At week 26, IWQOL-Lite total scores and all separate domain scores had increased significantly in both the exenatide QW and sitagliptin treatment arms (all P < 0.05). The exenatide QW group experienced significantly greater improvement than the pioglitazone group in total weight-related QOL; subsequent analysis revealed that the exenatide QW group experienced significantly greater improvement in public distress, physical function, and work. There were no statistically significant differences between the exenatide QW and sitagliptin groups in total weight-related QOL, and no additional between-group tests were conducted.
At week 26, (Table 2) EQ-5D index scores and visual analog scores had increased significantly in the exenatide QW and sitagliptin treatment groups (all P < 0.05), but not in the pioglitazone group. There were no significant differences between groups for change in EQ-5D.
At week 26, all three treatment groups experienced significant improvements in all six dimensions of the PGWB (anxiety, depressed mood, positive well-being, self-control, general health, and vitality) and on the PGWB global scale (all P < 0.05); there were no statistically significant differences between exenatide QW and the other groups for the global scale, and no additional between-group tests were conducted.
At week 26, all three treatment groups experienced improvements in total DTSQ-s scores (all P < 0.05). Prior to adjustment for multiple comparisons, total DTSQ-s scores improved more in the exenatide QW group than in the sitagliptin group (P = 0.041); after adjustment this difference was not significant. All three groups experienced decreases in perceived frequency of hyperglycemia (all P < 0.05); there were no statistically significant differences between exenatide QW and the other groups. There were no statistically significant decreases in perceived frequency of hypoglycemia in any of the groups and no statistically significant differences between exenatide QW and the other groups.
Attrition for the four PROs ranged from 10.74 to 14.39% in the exenatide QW arm, from 5.04 to 5.76% in the sitagliptin arm, and from 8.94 to 9.23% in the pioglitazone arm. The main effect by completion/attrition status was statistically significant for all overall PRO scores except IWQOL, with changes in PRO scores in the dropouts lower than those of the completers (IWQOL P = 0.05; all other P values < 0.01). However, the differences in PRO score change between completers and dropouts did not vary significantly across treatment arms. Thus, the last observation carried forward imputation did not affect the test for difference in PRO score change between treatment groups, which is the main interest of this article.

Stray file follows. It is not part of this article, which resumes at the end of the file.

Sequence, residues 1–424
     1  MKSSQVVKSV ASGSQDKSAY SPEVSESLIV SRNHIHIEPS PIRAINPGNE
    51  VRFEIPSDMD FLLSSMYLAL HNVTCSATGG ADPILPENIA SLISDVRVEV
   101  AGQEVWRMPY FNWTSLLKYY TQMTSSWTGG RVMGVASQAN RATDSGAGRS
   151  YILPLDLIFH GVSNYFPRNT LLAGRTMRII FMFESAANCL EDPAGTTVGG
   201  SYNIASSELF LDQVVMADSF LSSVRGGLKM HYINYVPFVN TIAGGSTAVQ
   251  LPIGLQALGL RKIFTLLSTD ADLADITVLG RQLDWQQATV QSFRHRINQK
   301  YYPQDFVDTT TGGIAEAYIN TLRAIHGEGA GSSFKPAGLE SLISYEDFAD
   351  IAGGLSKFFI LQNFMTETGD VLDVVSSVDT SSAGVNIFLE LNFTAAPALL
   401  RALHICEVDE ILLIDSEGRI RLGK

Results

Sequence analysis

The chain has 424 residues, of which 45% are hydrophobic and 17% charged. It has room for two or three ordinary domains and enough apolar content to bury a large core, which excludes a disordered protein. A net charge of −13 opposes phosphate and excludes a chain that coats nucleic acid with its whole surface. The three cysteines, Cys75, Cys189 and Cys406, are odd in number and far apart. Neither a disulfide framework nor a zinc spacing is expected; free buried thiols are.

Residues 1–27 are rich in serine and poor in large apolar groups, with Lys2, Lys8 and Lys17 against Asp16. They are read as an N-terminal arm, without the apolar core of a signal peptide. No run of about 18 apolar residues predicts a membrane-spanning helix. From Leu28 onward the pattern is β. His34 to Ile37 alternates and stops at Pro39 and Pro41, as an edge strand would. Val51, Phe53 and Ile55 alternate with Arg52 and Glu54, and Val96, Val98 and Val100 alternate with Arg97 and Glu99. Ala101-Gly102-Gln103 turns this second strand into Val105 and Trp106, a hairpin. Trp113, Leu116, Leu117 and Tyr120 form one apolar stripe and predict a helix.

There was no significant difference in total treatment satisfaction in the 40 subjects who experienced nausea and/or vomiting versus the 190 who did not (P = 0.80), and the effect did not differ across treatment arms (P = 0.51) (results not shown).
We conducted analyses to assess the correlation between weight change and changes in weight-related QOL in the entire study population and in each treatment group. Reduction in body weight was correlated with improvement in overall IWQOL scores in the entire study population (r = −0.26, P < 0.0001).
Because there are many treatment options for patients with type 2 diabetes, data comparing the effects of treatments can inform choices among these options. This study compared three treatment options for patients whose blood glucose levels are not adequately controlled on metformin monotherapy. These treatment options address one or both of the clinical issues (hypoglycemia and weight) that were raised as concerns during intensive management of patients with type 2 diabetes (14). The primary outcomes of this study, reported elsewhere (16), indicated that participants in the exenatide QW arm experienced greater A1C reductions and greater reductions in weight than participants in the sitagliptin or pioglitazone arms, that there was no major hypoglycemia in the exenatide QW arm, and that the incidence of minor hypoglycemia was low and similar in all treatment groups. This suggests that exenatide QW treatment provides clinically relevant benefits to patients early in the disease process. The findings of the current study suggest that exenatide QW treatment also provides benefits across a broad range of PRO, including general health utility, weight-related QOL, psychological well-being, and diabetes treatment satisfaction. For some of these PROs, the benefits of exenatide QW therapy were significantly greater than the benefits of sitagliptin or pioglitazone therapy.
We hypothesized that there would be PRO advantages for exenatide QW, especially for PROs likely to be most sensitive to the known benefits of this agent—the IWQOL (weight control) and the DTSQ-s (glycemic control). The PRO advantages of exenatide QW over the other study treatments were most notable for the measure of weight-related QOL. Patients in the exenatide QW arm experienced greater improvements than patients in the pioglitazone arm on most IWQOL measures. These findings are consistent with the large and statistically significant difference in weight change during the study in the two arms (−2.3 vs. 2.8 kg). The association of clinical benefits such as weight loss with cognate PRO has been demonstrated in other studies (22). In this study, the smaller difference in weight change between the exenatide QW and sitagliptin arms (−2.3 vs. −0.8 kg) was not associated with a difference between arms in weight-related QOL.